Poker is a game of strategy and psychology rather than strength and luck. Whether you play it professionally or for fun, it requires a lot of mental energy and is very taxing on the brain. You need to be able to quickly make decisions and read other players in order to maximize your win rate. Observe experienced players and learn from them to develop quick instincts.
The first thing you need to understand about Poker is that hands are good or bad only in relation to what other players have. There are many hands that look great but lose to other better hands because the player is holding a strong hand. For example, a pair of kings is a solid hand but can easily lose to someone holding A-A. Having an excellent hand only counts if you can get people out of the pot.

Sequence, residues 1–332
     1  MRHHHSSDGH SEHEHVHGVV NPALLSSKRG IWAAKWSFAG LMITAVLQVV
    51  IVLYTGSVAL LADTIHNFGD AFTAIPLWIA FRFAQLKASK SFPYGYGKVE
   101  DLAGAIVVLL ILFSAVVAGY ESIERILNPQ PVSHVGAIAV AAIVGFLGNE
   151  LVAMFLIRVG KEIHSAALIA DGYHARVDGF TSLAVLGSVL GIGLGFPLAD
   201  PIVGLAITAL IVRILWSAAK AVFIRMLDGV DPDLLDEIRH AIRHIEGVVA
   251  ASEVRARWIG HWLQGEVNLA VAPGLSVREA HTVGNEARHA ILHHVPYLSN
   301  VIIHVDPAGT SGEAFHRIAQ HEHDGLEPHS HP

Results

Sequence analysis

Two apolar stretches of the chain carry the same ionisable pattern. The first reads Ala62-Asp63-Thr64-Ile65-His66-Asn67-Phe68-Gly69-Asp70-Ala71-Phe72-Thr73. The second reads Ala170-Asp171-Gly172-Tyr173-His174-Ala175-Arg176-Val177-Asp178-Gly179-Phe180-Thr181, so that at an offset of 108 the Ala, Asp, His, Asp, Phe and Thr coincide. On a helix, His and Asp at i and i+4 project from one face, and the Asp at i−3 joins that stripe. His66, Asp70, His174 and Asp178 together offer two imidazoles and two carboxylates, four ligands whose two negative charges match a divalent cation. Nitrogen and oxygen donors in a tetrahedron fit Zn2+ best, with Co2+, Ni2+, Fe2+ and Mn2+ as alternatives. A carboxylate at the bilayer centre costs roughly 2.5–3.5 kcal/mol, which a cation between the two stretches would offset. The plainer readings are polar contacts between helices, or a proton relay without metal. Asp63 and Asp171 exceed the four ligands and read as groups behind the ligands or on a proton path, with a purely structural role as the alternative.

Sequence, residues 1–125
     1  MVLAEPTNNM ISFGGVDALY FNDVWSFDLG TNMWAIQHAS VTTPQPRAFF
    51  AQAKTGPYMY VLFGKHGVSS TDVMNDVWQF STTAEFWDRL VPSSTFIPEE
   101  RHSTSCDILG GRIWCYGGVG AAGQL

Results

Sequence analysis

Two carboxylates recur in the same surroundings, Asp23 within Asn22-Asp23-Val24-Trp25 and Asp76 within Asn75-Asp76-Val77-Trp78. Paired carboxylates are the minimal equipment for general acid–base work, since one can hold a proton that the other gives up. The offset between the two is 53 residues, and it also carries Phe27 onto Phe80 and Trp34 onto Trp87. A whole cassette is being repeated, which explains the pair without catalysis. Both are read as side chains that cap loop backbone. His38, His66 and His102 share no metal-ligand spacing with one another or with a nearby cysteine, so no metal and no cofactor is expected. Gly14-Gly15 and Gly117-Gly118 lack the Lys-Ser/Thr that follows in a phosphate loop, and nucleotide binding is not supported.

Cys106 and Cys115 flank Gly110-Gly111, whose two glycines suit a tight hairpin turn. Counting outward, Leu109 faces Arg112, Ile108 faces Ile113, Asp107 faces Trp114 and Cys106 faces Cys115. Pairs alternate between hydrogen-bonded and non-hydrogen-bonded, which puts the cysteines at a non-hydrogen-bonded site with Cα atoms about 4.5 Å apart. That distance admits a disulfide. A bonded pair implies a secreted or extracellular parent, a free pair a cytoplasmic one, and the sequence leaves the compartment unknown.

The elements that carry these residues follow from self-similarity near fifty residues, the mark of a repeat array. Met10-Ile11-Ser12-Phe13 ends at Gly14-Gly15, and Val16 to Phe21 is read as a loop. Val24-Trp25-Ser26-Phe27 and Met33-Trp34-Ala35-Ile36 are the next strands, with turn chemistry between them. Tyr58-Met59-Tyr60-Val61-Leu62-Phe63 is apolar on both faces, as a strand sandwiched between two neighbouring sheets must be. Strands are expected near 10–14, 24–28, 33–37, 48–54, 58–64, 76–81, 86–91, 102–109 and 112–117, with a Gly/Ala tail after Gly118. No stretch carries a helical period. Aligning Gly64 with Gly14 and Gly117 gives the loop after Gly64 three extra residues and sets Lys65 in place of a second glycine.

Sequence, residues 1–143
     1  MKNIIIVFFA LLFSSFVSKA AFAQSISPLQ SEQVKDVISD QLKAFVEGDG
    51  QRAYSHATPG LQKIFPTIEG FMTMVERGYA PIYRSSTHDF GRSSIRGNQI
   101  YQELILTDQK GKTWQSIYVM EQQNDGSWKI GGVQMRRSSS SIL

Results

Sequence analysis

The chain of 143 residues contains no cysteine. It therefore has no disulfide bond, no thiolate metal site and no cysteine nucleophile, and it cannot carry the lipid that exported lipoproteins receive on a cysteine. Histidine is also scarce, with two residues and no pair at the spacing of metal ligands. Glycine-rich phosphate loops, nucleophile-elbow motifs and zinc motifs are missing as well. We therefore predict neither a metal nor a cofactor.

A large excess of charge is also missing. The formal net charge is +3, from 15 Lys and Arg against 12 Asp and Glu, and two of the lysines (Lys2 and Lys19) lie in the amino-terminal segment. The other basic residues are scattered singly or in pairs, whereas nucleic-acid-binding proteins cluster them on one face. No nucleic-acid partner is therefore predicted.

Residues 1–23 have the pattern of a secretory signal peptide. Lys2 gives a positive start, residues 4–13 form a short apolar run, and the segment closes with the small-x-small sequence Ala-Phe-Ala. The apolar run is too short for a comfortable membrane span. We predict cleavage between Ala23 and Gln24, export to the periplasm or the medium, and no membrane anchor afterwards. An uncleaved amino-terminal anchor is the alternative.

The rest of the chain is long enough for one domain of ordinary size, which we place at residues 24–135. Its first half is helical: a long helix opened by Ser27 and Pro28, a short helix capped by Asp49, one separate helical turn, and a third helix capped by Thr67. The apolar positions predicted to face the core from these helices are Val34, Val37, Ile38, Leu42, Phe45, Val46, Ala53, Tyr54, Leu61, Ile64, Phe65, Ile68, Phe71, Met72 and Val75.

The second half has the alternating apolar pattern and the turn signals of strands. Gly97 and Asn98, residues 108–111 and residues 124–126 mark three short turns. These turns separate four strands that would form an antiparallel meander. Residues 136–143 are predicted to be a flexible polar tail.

It is also important to remember that most new players will have crappy hands. Therefore, it is usually a good idea to bet because you can often make money off of them. A lot of beginners feel timid about playing trashy hands so they will just call pre-flop but this is a dangerous habit. The flop is likely to come and if you are just calling then your opponent will see the flop for free and can bluff you out of your trashy hand.
The third round, the turn, is when an additional card is revealed that everyone can use. This is usually a good time to check/call/raise/fold and will give your opponent a chance to put together a good three of a kind or higher.